Guidelines for Thermoplastic Color Control and Change Management
- Created on Sunday, 01 April 2012
Fig. 2 illustrates a color control scenario with a numeric limitation in CIE L*a*b* color space of 1.0 unit for L*, a* and b* along with a color representation of each. When setting up a color control program, care should be taken not to establish color acceptability limits beyond what is necessary for the usage situation. Depending on the color difference equation used, it will not be unusual to have different limits set for each variable. It is common to have more color rejects and returns as well as increased production costs when using extremely tight color tolerances.
Color control programs can be very detailed depending on the color requirements of an application. For help with setting up a color control program, ASTM International (http://www.astm.org/index.shtml) has several methods and standard practices for evaluating color and for establishing color tolerances and color differences based on visual evaluations and from instrumental color measurements. Color measuring instrument manufacturers can also help with establishing color controls with the purchase of hardware and software.
Finally, it is important that standards, measuring requirements, and established tolerances are communicated and understood throughout your supply chain for any color control program to be successful. A good color control program will help make the regulatory approval process easier and less time-consuming for all involved.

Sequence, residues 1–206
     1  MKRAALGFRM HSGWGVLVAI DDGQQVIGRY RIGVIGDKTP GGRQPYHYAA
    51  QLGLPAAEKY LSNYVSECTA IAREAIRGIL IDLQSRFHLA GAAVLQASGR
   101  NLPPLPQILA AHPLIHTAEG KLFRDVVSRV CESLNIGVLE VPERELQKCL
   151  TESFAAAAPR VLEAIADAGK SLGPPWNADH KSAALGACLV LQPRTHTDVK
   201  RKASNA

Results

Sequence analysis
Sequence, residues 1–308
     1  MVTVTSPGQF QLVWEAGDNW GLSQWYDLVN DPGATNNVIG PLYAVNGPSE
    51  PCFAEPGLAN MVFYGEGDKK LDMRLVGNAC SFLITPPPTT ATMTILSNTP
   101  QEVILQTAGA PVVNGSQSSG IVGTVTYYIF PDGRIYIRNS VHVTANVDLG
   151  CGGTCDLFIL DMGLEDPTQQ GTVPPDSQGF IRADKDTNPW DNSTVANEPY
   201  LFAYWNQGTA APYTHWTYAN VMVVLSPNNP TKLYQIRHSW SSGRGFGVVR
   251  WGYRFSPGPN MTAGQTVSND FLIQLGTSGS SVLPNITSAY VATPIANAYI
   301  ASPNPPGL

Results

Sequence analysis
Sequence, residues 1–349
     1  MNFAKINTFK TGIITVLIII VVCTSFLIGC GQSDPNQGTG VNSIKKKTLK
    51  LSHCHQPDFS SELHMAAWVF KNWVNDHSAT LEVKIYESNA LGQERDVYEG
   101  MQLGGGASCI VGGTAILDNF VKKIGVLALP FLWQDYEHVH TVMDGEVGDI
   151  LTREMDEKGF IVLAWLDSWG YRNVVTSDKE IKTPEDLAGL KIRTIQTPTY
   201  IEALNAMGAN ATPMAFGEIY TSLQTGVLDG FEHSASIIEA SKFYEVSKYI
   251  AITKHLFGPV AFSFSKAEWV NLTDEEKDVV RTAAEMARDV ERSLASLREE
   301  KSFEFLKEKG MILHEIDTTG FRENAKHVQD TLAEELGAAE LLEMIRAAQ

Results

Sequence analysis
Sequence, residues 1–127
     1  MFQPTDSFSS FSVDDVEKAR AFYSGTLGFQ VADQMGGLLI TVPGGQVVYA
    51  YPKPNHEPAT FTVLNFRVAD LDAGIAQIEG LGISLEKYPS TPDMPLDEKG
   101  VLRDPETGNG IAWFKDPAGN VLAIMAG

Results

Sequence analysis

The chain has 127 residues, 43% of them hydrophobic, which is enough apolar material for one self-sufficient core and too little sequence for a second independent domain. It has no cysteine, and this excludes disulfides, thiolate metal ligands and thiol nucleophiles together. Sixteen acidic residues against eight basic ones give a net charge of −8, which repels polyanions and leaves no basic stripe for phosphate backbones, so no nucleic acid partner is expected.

Sterilization Techniques’ Effect on Color
An issue to be aware of during medical device development is the effect sterilization may have on the color of plastic components. The most commonly used sterilization techniques are autoclave, ethylene oxide gas (EtO), and radiation sterilization by either gamma or E-beam radiation. Each sterilization technique has an effect on plastic materials that may adversely affect the color and physical properties. It is recommended to check color in the finished assembled state before and after sterilization to determine the visual and physical effects.
Autoclave – Typical reactions to autoclave may include hydrolysis, warp, and part distortion/deformation; however, color is usually not affected.
EtO is often used for heat-sensitive polymers and usually does not cause significant color change.
Gamma and E-Beam radiation sterilization can cause cross-linking of polymers, chain scission and yellowing of colors. Although not the subject of this technical brief, there are techniques that knowledgeable color suppliers use to stabilize colors against radiation.
Increased regulatory scrutiny placed on colored plastics from Europe, Japan, the United States, and other countries to pass biologic testing makes material and color selection a critical skill when developing new medical devices. Selecting a color compounder with a long history of success in the medical device market is critical as they will have important services such as ISO 10993 resin and pigment selections, resin and color advice based on experience, formulation control, and change management services.
This technology was done by RTP Company, Winona, MN. For more information, visit http://info.hotims.com/40432-166.